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Proper drying and storage can add value to corn crop

grain storage
Samy Sadaka, University of Arkansas assistant professor and grain drying specialist, says increasing the temperature of the corn and/or increasing its moisture content decreases the safe storage period.

A lot of southern corn production was hampered by wet conditions in 2013, which slowed maturation of the crop. In other years, there are dry conditions that push harvest sooner than expected. In both cases, management of drying and storage can make or break the quality of grain once it’s delivered to a buyer.

For example, if corn that was planted later than normal is harvested at a high moisture level, the grower will need to pay extra close attention to harvest method, drying and grain storage, says Matt Roberts, Purdue University Extension grain storage and drying specialist.

Samy Sadaka, University of Arkansas assistant professor and grain drying specialist, says increasing the temperature of the corn and/or increasing its moisture content decreases the safe storage period.

“In other words, the higher the temperature and/or the higher the moisture content, the higher the risk of the corn going out of condition and the shorter the time the corn should be stored,” he says.

“Simply put, it is safe to store corn up to 275 days if the corn temperature and moisture during the storage period remain at 60 degrees F and 15 percent moisture. However, it is not practical to assume that the corn temperature and moisture content will remain constant during the storage period.”

If corn is 17 percent at 60 degrees F, storage time is reduced to 88 days. At 19 percent, it drops to 39 days. A U of A grain storage chart (see Table 1) examines other maximum drying times at various temperatures and moisture contents. 

For example, in this scenario, corn is harvested at 25 percent moisture content and immediately placed in a holding bin with a cooling fan. Corn is cooled from 70 degrees to 40 degrees in two days. The average storage temperature is 55 degrees.

The safe storage period corresponding to the corn temperature of 55 degrees and 25 percent moisture content is about 14 days.

Note that when corn reaches maturity late in the season, field dry-down is slower due to cooler air temperatures. Grain storage specialists say growers should screen grain prior to drying to help prevent foreign material and broken kernel fragments, or fines, from blocking air flow essential to uniform grain drying and storage.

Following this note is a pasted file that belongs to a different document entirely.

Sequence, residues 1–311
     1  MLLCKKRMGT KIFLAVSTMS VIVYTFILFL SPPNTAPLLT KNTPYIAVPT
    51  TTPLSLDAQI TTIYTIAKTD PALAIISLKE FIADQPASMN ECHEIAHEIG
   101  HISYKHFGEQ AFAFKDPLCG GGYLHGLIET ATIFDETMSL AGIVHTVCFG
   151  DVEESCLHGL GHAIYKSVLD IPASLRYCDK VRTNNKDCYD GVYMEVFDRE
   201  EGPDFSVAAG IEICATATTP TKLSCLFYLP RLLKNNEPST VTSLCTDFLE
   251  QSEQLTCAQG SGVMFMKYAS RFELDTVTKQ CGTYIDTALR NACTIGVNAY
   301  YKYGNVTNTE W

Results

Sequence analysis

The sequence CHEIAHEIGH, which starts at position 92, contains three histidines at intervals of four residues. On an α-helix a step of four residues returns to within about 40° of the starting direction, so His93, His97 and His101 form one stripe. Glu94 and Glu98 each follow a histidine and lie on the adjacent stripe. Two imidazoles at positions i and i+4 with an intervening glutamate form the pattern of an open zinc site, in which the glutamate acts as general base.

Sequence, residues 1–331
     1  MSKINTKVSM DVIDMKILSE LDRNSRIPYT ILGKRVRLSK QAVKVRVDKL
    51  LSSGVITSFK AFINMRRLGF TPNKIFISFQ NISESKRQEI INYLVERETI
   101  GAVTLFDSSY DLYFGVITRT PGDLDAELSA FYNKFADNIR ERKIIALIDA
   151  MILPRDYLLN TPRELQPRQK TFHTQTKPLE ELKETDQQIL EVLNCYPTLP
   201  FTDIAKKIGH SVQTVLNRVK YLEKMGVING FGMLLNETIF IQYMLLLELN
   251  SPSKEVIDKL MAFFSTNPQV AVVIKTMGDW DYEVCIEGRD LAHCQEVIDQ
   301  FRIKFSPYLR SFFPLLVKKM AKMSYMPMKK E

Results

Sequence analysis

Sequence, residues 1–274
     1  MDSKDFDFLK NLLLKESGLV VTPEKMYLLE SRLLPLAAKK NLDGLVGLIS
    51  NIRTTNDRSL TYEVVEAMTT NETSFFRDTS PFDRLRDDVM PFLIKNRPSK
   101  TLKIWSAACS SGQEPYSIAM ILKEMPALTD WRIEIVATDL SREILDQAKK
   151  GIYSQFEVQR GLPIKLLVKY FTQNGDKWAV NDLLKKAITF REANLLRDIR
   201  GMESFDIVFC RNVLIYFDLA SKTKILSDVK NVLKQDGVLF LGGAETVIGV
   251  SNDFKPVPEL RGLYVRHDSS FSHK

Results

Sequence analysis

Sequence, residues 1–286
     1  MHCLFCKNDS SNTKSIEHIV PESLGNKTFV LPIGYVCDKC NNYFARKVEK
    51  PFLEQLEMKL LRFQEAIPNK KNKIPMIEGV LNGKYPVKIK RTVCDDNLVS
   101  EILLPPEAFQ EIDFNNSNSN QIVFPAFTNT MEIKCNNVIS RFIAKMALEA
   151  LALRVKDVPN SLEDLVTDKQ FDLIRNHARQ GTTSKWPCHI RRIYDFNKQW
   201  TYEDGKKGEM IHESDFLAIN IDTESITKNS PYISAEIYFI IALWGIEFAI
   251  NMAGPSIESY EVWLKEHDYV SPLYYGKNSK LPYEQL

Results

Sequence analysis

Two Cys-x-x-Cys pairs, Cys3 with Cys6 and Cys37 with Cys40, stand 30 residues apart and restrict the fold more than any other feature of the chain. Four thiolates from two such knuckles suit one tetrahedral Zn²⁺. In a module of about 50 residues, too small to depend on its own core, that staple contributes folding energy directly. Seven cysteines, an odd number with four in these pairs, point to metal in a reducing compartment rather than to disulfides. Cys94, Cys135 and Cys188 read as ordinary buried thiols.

“I would recommend that corn always be cleaned with a screen cleaner before it is placed in the bin,” says Richard Stroshine, Purdue agricultural engineering professor and grain drying specialist. “Fines tend to accumulate in the center of the bin, and even with a grain spreader there can be areas where fines accumulate.

“A centrifugal grain spreader could create a ‘ring’ around the center of the bin where there are higher fines concentrations. It happened to us one year during a field trial when a centrifugal spreader was being used in a bin on one of the Purdue farms.”

Sadaka says farmers may need to harvest lower quality grain — 1 or 2 points lower than the normal 14 percent to 15 percent. This could help reduce mold situations.

Coring the bin after filling can help reduce concentrations of broken kernels and fine material. This involves removing up to 10 percent of the total bin capacity.

“The presence of broken kernels, stalks and cobs in a grain bin can restrict airflow,” Roberts says. “Even with state-of-the-art grain spreaders, broken kernels and foreign material tend to accumulate in or near the center of bins.

“Coring can be accomplished by removing several loads of grain from the bin. This will also help to level the top of the grain mass. Air finds the path of least resistance, and the coring and leveling should eliminate or reduce the higher airflow resistance in the center of the bin, so the bin will be aerated more evenly.”

Stroshine says managers using high-temperature dryers need to be especially careful since these systems are particularly hard on kernels.

“If kernel temperatures get too high during high-temperature drying and there is rapid moisture removal followed by rapid cooling, the severity of kernel stress cracking will increase, and this will increase the likelihood of breakage during subsequent handling,” he says.

See more articles from the Southern Corn and Soybean Production Guide!

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